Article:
Difficult intubation--when can we predict it?
Anaesthetists at times encounter difficult intubation in an apparently normal individual in spite of using the best possible positioning and most profound relaxation. This study was carried out to find out the most simple and easy measurement that may predict a difficult intubation. The study was conducted in three groups of patients of twenty each. The first group consisted of patients in whom intubation was easy. Second group consisted of anticipated difficult intubation. Cases in whom very difficult intubation was encountered were analyzed retrospectively and were included in third group. An attempt has been made to predict difficult intubation with the roentgenographic study of lateral view of mandible along with the measurement of distance from chin to thyroid cartilage. Of all the parameters, ratio of effective mandibular length to posterior mandibular depth and distance from chin to thyroid cartilage were found to be important to predict difficult intubation.
There are many anatomical factors like obesity, thick short neck, buck teeth etc. that warn the anaesthetist that he may encounter a difficult intubation. This prediction of difficult intubation helps anaesthetist concerned to take all precautions and keep ready things like long blade laryngoscope, stillette, various small size endotracheal tubes. In spite of all this at times anaesthetist face problems while intubation, which drains all blood out of him. These rare occasions made us undertake this study to find out factors, which may be responsible for these cases in whom, there are no obvious above-mentioned anatomical factors or pathological features such as tcmperomandibular joint ankylosis.
Sixty patients who were intubated under general anaesthesia were included in this study. They were divided into three equal groups as follows:
Group 1 consisted of 20 cases in whom intubation was easy.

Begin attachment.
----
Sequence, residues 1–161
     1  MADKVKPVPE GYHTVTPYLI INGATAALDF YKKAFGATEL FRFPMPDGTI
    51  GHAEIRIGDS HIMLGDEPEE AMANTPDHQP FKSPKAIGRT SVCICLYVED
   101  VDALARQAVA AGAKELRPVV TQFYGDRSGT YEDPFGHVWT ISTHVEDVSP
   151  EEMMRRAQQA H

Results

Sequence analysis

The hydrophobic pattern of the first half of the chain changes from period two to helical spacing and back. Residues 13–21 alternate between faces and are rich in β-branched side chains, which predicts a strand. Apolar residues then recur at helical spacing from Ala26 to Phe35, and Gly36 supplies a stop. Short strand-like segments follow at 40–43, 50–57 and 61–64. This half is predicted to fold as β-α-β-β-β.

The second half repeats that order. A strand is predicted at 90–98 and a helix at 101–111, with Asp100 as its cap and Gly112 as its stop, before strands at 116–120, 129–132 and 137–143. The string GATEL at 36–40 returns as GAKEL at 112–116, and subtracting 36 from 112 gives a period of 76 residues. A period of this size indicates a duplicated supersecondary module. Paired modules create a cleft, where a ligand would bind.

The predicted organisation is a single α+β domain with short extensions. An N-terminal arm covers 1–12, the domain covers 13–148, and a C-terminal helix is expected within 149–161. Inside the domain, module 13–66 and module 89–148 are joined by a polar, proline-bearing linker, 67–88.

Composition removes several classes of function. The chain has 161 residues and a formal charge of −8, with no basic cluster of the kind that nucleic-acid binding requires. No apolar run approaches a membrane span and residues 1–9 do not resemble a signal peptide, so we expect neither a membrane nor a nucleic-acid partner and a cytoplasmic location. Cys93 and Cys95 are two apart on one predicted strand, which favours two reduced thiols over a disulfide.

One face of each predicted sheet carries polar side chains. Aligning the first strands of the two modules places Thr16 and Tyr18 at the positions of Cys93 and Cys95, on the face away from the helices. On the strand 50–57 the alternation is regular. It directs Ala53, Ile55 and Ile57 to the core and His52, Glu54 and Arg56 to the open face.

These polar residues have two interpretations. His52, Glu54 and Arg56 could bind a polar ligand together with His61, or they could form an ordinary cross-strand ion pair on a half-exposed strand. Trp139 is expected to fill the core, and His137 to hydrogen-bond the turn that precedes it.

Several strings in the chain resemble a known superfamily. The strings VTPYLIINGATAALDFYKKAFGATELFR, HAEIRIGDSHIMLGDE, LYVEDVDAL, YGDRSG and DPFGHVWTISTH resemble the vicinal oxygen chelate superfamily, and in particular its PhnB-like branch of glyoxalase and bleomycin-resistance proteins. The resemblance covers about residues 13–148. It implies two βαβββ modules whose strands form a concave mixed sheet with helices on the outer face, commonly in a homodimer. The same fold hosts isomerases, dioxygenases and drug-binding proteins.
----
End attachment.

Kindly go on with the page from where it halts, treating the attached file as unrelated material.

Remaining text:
Group 2 consisted of 20 cases with anticipated difficult intubation.
Group 3 consisted of 20 cases in whom intubation was found to be difficult without contributory anatomical factors. Intubation was said to be difficult when more than two attempts were required for intubation.
All the cases belong to ASA class 1. During pre-operative evaluation, anatomical factors predisposing difficult intubation like loose or missing teeth, short neck, protruding teeth, receding mandible were noted. In group 1 and 2 lateral roentagenograms of mandible were taken and following distances and angles were measured as in [Figure - 1].
(i) effective mandibular length (EML): AC i.e. the distance between tip of lower central incisor to the mid-point of tcmperomandibular joint. (Fig. 1)
(ii) posterior mandibular depth (PMD): EF i.e. the width of mandibular joint between alveolar margin and lower border of mandible immediately behind the 3rd molar tooth.
(iii) anterior mandibular depth (AMD):AB i.e. the distance between the tip of lower incisor to the posterior border of the mandible.
(iv) mandibular angle: ADC i.e. the angle formed between the lower border of the body of mandible and the posterior border of the ramus of mandible. ADC.
Distance between thyroid cartilage to chin was measured in centimetres using a thread and scale. Using these parameters two ratios were calculated.
(1) Effective mandibular length AC
Posterior mandibular depth EF
(2) Effective mandibular length AC
Anterior mandibular depth EF
All the patients were induced with sleeping doses of 2.5% pentothal (5 mg/kg) and suxamethonium 2 mg/kg body weight. Intubation was attempted by qualified anaesthetist (with minimum 3 years' experience). Whenever more than 2 attempts were required intubation was considered as difficult and causes contributing to it were noted. Complications following intubation, if any, were also noted. The cases from group 3 were analysed in similar manner retrospectively.
In Group 1 no difficulties were encountered during intubation.
All the patients from Group 2 could be intubated. However, in 4 cases, we had to make 4 attempts for intubation. In two of these cases nasotracheal intubation was carried out. For the rest 16 cases, 3 attempts were required for intubation. The responsible causes and their incidence are enumerated in [Table - 1].
In Group 3, 14 cases required 4 attempts at intubation and in the rest, 3 attempts were needed. However all cases could be intubated.
In both Group 2 and 3 following measures were required for intubation, which are not used normally e.g. i) long blade laryngscope, ii) laryngeal back pressure by assistant, iii) two sizes smaller endotracheal tube than required, iv) stillette v) naso-tracheal tube.